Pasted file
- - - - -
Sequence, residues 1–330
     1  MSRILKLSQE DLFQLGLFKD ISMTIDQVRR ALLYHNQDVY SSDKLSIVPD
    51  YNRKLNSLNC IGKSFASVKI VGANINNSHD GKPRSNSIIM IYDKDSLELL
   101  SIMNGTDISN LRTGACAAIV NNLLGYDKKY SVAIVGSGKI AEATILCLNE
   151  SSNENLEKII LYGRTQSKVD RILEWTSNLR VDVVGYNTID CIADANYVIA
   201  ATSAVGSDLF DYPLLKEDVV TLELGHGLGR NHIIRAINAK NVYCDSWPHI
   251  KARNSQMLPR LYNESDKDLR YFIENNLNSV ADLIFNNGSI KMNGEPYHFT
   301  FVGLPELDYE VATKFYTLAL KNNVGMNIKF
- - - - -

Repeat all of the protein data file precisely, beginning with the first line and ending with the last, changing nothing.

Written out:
Sequence, residues 1–330
     1  MSRILKLSQE DLFQLGLFKD ISMTIDQVRR ALLYHNQDVY SSDKLSIVPD
    51  YNRKLNSLNC IGKSFASVKI VGANINNSHD GKPRSNSIIM IYDKDSLELL
   101  SIMNGTDISN LRTGACAAIV NNLLGYDKKY SVAIVGSGKI AEATILCLNE
   151  SSNENLEKII LYGRTQSKVD RILEWTSNLR VDVVGYNTID CIADANYVIA
   201  ATSAVGSDLF DYPLLKEDVV TLELGHGLGR NHIIRAINAK NVYCDSWPHI
   251  KARNSQMLPR LYNESDKDLR YFIENNLNSV ADLIFNNGSI KMNGEPYHFT
   301  FVGLPELDYE VATKFYTLAL KNNVGMNIKF